The Bill & Melinda Gates Foundation, one of the world’s largest charitable funds, aim to “help all people lead healthy, productive lives”. This is brought about by astronomic sized donations ($2.6 billion in 2010) to a variety of healthcare interventions, educational initiatives, scientific projects, and help for those in extreme poverty.
One of their latest funding projects is a $9,872,613 research grant, designed to last 5 years and a month, awarded to the John Innes Centre. (That’s about £6.34 million at today’s exchange rate). The JIC is another of the BBSRCs ‘research institutes’, like Rothamsted. This essentially means that they can do all the research that universities do, without any pesky undergrads running around wanting to be taught how to hold a pipette.
The project will research the feasibility of producing cereal crops (probably wheat and barley) that are capable of fixing their own nitrogen. Plants need nitrogen in order to produce amino acids, and therefore protein: including chlorophyll, which is what makes plants green and allows them to photosynthesise. Without nitrogen, plants are yellow and stunted – because they can’t harness the sun’s energy as sugar. They’re essentially a bit useless. During the Green Revolution, when industrial fertilisers (as opposed to cow manure) came into common usage, yields became up to three times what they originally were. But the sort of small scale farmers that the JIC project is designed to help (specifically those in sub-Saharan Africa) are not able to afford the huge quantities of fertiliser that their crops need.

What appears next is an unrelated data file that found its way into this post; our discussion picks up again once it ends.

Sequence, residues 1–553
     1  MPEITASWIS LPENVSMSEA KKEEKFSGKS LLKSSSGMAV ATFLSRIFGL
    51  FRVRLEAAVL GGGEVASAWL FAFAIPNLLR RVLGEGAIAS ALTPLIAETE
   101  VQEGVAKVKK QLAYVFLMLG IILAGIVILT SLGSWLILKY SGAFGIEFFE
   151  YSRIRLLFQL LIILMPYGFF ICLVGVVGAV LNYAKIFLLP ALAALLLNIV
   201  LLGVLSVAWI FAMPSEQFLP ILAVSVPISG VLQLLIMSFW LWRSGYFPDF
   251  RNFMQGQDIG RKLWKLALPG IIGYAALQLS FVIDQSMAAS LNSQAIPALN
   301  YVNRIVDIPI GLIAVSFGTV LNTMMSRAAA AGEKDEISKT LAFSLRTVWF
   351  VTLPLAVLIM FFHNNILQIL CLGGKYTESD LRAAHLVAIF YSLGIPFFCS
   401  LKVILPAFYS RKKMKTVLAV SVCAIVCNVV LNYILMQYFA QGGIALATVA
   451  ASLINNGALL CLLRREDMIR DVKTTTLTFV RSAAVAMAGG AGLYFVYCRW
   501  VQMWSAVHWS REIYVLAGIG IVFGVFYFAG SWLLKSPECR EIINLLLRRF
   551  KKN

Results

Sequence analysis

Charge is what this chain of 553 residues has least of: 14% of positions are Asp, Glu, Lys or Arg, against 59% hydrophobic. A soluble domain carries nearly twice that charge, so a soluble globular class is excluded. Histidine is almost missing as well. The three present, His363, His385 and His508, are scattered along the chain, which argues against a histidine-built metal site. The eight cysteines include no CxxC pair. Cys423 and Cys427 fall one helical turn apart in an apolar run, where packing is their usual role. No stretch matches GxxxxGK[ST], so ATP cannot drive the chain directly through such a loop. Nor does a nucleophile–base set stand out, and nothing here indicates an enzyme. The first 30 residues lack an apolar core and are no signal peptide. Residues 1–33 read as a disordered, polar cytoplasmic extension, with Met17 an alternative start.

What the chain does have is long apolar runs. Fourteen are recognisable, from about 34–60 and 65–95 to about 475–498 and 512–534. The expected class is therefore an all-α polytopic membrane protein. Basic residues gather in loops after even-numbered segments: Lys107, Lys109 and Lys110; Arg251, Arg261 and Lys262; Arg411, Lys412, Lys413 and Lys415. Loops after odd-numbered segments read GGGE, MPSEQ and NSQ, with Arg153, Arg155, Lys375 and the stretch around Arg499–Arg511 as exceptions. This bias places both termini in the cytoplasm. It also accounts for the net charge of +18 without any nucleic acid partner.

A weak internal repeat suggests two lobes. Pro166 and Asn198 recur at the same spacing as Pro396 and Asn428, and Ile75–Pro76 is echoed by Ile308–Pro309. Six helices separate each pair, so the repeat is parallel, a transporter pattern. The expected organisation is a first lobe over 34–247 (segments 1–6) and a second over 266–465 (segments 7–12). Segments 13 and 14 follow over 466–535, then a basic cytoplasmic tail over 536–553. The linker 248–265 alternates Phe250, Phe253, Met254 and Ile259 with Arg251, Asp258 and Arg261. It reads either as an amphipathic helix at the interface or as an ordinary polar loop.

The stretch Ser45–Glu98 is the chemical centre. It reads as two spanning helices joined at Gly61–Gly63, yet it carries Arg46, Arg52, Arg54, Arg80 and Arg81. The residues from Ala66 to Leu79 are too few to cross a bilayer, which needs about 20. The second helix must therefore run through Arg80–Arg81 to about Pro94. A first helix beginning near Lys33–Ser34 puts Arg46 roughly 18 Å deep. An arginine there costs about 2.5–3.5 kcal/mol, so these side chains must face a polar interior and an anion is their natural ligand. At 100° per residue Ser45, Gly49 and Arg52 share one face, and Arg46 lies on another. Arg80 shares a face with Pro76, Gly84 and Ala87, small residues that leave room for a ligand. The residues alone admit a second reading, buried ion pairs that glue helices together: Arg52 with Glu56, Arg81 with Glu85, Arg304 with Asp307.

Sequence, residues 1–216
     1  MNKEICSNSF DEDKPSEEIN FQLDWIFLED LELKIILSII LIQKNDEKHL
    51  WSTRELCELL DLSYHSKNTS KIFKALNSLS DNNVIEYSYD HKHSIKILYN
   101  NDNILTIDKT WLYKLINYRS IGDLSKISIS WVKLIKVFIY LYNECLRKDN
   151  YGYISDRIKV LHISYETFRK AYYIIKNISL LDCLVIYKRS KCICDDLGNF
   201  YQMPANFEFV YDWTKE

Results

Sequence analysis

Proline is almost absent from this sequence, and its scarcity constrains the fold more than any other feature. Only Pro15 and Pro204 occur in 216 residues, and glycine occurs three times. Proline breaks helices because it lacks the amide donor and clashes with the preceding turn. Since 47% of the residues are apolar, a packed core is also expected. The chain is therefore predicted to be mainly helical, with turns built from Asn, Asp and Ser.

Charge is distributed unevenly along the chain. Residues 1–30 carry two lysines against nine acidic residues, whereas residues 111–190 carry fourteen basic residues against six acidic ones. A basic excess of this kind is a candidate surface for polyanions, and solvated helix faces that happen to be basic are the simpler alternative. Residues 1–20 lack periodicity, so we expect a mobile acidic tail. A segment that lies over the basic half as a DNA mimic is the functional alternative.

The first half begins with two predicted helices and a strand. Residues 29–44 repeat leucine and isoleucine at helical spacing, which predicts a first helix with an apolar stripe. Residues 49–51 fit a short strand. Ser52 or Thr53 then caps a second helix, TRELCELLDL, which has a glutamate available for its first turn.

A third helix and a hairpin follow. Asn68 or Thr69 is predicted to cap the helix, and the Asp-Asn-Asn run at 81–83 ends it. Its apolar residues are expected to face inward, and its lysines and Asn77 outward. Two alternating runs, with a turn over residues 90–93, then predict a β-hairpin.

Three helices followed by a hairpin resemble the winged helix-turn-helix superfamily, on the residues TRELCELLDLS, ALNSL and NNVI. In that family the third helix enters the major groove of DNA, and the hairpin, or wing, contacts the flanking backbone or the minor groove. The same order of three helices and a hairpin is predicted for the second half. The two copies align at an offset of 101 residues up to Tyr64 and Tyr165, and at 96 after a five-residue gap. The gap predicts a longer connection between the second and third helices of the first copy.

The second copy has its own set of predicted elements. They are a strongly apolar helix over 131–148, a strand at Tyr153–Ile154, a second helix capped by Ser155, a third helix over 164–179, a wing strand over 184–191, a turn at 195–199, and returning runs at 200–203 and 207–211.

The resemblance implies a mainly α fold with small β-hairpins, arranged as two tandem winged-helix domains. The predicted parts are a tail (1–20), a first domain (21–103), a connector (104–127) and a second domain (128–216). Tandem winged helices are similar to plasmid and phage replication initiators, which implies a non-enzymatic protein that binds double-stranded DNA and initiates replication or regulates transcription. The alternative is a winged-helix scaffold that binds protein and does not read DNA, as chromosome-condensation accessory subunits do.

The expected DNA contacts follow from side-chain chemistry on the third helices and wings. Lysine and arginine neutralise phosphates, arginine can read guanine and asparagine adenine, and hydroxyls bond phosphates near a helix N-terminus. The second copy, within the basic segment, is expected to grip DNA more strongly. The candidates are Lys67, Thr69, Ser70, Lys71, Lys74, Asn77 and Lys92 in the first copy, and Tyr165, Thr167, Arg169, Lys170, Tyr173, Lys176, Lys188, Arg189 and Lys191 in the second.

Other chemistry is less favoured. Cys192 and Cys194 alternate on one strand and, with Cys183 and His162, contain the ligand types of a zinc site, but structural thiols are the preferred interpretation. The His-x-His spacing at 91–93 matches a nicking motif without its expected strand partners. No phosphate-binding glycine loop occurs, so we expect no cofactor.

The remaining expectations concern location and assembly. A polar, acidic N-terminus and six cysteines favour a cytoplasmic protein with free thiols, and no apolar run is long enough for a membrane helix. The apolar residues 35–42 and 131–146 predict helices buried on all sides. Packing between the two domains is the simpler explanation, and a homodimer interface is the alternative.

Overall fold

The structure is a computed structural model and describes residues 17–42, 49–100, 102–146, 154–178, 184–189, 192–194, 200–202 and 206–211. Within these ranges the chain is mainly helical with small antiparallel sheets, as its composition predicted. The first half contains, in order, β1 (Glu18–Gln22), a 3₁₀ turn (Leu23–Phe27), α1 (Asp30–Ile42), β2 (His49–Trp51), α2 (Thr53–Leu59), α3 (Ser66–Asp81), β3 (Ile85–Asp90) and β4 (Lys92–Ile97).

This is where the idea of crop rotations arose. Certain plants such as the legumes (peas and beans) are able to survive without the application of any external nitrogen-rich fertiliser. This is because they have a symbiotic relationhip with a ‘nitrogen-fixing’ bacterium called Rhizobia, which can capture nitrogen from the air and turn it into compounds like ammonia, which are solid and can dissolve in soil water.
If nitrogen-fixing maize could be produced, this would allow maize farmers in sub-Saharan Africa to grow higher yielding crops without needing to spend so much money on external fertiliser, or leave fields to fallow every few years.
It will be a long project. The aim is to get the same bacteria that populate legume plants to form an association with the cereal. Step 1 is in getting the cereal to even recognise the presence of the bacteria! If the maize plant can sense that the bacteria are there, it can begin to produce a simple swelling in which the bacteria can ‘live’. From there, evolution should theoretically do the rest…